The experience of living with stroke: a qualitative meta-synthesis
Katherine Salter, Chelsea Hellings
, Norine Foley, Robert Teasell
Objective: The effects of stroke on stroke survivors are profound and cannot adequately be understood from a single approach or point of view. Use of qualitative study, in addition to quantitative research, provides a comprehensive picture of the consequences of stroke grounded in the experience of stroke survivors. The purpose of the present study was to examine the contribution of the published qualitative literature to our understanding of the experience of living with stroke.
Design: Qualitative meta-synthesis. Method: A literature search was conducted to identify qualitative studies focused on the experience of living with stroke. Themes and supporting interpretations from each study were compiled and reviewed independently by 2 research assistants in order to identify recurring themes and facilitate interpretation across studies.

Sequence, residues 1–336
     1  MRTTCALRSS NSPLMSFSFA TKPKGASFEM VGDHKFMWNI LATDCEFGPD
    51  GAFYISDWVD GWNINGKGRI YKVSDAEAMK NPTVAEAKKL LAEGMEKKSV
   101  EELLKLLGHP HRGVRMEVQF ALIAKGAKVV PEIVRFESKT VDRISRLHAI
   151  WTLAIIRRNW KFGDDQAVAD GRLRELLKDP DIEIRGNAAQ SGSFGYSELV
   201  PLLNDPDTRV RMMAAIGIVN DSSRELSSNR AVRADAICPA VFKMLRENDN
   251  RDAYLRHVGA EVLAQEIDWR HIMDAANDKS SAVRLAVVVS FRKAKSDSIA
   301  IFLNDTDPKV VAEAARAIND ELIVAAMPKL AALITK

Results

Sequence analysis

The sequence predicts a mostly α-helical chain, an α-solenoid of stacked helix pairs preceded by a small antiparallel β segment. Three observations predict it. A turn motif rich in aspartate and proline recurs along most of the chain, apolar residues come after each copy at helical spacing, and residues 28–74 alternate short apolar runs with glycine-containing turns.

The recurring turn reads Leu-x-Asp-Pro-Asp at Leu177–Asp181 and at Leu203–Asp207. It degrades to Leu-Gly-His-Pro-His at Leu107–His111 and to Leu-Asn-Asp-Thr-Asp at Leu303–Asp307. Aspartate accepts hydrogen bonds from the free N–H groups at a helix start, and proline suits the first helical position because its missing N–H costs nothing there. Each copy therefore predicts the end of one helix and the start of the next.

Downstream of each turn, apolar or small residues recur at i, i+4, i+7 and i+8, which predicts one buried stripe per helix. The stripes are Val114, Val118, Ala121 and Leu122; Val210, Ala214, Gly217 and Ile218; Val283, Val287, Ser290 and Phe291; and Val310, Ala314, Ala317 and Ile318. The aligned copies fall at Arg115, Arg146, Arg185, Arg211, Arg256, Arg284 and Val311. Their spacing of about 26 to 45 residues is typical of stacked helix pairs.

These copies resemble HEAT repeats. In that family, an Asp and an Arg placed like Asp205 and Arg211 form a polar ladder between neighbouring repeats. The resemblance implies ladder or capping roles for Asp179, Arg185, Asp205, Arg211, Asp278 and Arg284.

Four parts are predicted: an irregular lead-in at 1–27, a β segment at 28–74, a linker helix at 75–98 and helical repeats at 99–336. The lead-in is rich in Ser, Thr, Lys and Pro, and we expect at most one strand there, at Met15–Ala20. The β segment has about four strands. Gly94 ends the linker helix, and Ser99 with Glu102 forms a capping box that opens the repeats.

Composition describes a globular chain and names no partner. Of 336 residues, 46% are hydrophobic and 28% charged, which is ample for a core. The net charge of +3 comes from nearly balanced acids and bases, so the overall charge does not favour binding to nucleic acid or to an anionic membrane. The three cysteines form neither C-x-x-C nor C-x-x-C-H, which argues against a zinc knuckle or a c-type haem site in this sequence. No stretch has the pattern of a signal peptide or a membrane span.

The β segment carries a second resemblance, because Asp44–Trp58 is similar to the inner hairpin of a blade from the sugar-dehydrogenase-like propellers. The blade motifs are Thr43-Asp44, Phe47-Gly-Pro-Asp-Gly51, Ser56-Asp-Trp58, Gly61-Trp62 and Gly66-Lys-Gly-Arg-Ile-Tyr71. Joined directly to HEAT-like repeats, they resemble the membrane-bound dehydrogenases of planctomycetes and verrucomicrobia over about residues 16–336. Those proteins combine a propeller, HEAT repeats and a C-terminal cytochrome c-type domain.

Results: From 9 qualitative studies, 5 inter-related themes were identified as follows: (i) Change, Transition and Transformation, (ii) Loss, (iii) Uncertainty, (iv) Social Isolation, (v) Adaptation and Reconciliation.
Conclusion: The present synthesis suggests the sudden, overwhelming transformation of stroke forms a background for loss, uncertainty and social isolation. However, stroke survivors may move forward through adaptation towards recovery. Meta-synthesis of qualitative research is needed to promote the inclusion of what we know about patient preferences and values in evidence-based practice.